ARTICLE MARK JACOBS
PHOTOGRAPHY HEDI SLIMANE
THE '60s SONGSTRESS RECENTLY RETURNED WITH AN ALBUM INSPIRED BY HER PAST HITS. HERE, THE TIMELESS VIXEN SHARES HER VIEWS ON FEMINISM, HER FAMOUS FATHER, AND GROWING OLDER WITHOUT LOSING HER SPUNK
Nancy Sinatra is an American aristocrat with a star on the Hollywood Walk of Fame. Born in Jersey City, Frank Sinatra’s first daughter became an international star in 1966, when she collaborated with Lee Hazlewood on the go-go anthem “These Boots Are Made for Walkin’” and the Cher cover “Bang Bang (My Baby Shot Me Down).” Trendsetting style and social politics define her legacy as well. Most of her boots have been donated to charity.
More recently she released a digital album, Shifting Gears—a collection of standards sung over orchestral tracks from her vaults. Name-checked as an inspiration to both Sky Ferreira and Lana Del Rey (who famously described herself as a “gangsta Nancy Sinatra”), she currently hosts the Nancy for Frank Sirius XM satellite radio show and is producing an extensive HBO documentary about her father. In January, she was pulled into a media firestorm surrounding writer Maureen Orth’s Vanity Fair profile of Mia Farrow, in which Farrow allowed speculation that Ronan Farrow, her son with Woody Allen, is instead the child of Ol’ Blue Eyes, her ex-husband. “[Ronan] is a big part of us,” Nancy had told Orth, “and we are blessed to have him in our lives”—words that Orth would take out of context in order to fit Farrow’s insinuation.
When we meet at her Los Angeles office on a random Tuesday afternoon, Sinatra sits below a framed poster of her 1995 Playboy magazine cover, shot when she was 54 years old.
How did you make Shifting Gears? I heard the Sinatra vaults used to be the Sinatra garage.
NANCY SINATRA [laughs] Not anymore. We were in charge of all of these tapes that were shredding and dying. When we went to transfer them to digital, we even had to bake some of them in ovens, because the emulsion wasn’t sticking anymore. For many of them we only had one shot to get them from the analog reel-to-reel machine into Pro Tools. And we did it in the nick of time! It means a lot to me to give the players credit on the album.
Shifting Gears feels like a bath of warm Sinatra honey and body shimmer.
NS Did you play it loud? You’ve got to play that record loud. [Legendary producer] Michael Lloyd and I have a mutual admiration society, because I always tell him that had it not been for his work we could never have done this. He brought all of these diverse tracks into a cohesive collection. And he says, “No. What makes it a cohesive collection is your voice.”
There aren’t many artists with such a diverse range of admirers. Jarvis Cocker, Jon Spencer, Wilco, Thurston Moore, all of whom you’ve collaborated with.
NS Isn’t it funny? It’s that song [“These Boots Are Made for Walkin’”]. It pulls in kids at five years old and they grow up with it. The kids who have loved it since their grandmothers were playing it, they’re on my Twitter page constantly. They keep reposting the video link. I got very lucky.
Have you met Lana Del Rey?
NS No! But her fans sure pair us up. And I keep telling them not to use that “gangsta” business, because she doesn’t deserve that! She’s her own person who got stuck with this thing. She’s a little more brazen than I was in those days, which is good. We’re freer now.
When did you first identify as a feminist?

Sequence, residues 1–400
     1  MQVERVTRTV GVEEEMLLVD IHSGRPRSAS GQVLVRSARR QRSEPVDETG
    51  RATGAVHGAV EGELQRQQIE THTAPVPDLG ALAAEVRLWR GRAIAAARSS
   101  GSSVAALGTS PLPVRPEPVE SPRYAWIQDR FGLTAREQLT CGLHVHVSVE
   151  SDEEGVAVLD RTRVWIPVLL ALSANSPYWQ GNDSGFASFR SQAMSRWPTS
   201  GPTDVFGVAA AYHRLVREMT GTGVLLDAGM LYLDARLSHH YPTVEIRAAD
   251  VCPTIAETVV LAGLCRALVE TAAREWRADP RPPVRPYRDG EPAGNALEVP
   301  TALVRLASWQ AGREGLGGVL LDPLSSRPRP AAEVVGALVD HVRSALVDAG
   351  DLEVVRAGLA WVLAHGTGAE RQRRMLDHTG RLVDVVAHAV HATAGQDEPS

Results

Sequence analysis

NS It was early on. We didn’t have that word. When I was a little kid we would sit around the table and two of my mother’s sisters who were in the workforce would talk about how they were angry because they weren’t getting the same salaries as men. So I grew up knowing that situation. It wasn’t difficult for me to slide right in when it had a name. It was like, Well, sure, I’m in. When Camille Paglia wrote that great article in Playboy—the fact that they paired us together was genius.
Have you heard the phrase “slut-shamed” before?
NS No, but I can dig it.
What do you think of Miley Cyrus, who is alternately slut-shamed and respected?
NS I doubt it has anything do with sexuality. I think she’s very talented and knows how to market her products. On a much bigger scale it’s the same as when I did the Playboy pictorial, because I needed the money for my album. It’s just that she has a bigger forum and more courage than I ever had. You’ve got to make waves. She’s got guts.
You grew up within the extraordinary, far-reaching happening that is your father. Do you feel you have any critical perspective on it?
NS Well, I’m not my father, so I’m an observer—although it has affected my life on a daily basis and sometimes kept me up nights. It was difficult at times, it was hilarious and fun at times.
What about the controversy surrounding Ronan?
NS Oh, Mia is so silly. She sent me an e-mail or something, “Wasn’t that hilarious?” And I wrote back, “I don’t think so.” But she didn’t mean any harm by it. First of all, Mia and Frank did not have a relationship after they broke up. He would have had to be around 80 years old when she conceived.
And your statement in the article?
NS I didn’t say that in connection with her statement. The magazine connected them. My interview with Maureen Orth was way before Mia’s comment.
Would your life be different if you had recorded “These Mules Are Made for Walkin’”?
NS You mean clickety-clackety fuck-me shoes? Uh-uh. No way. Kitten heels are all right, because they don’t throw your body out of whack. [laughs] Don’t get old. Not if you want to wear those stupid shoes that are popular now. Crazy eight-inch heels!
SHIFTING GEARS IS OUT NOW ON AMAZON AND ITUNES
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production kim pollock and yann rzepka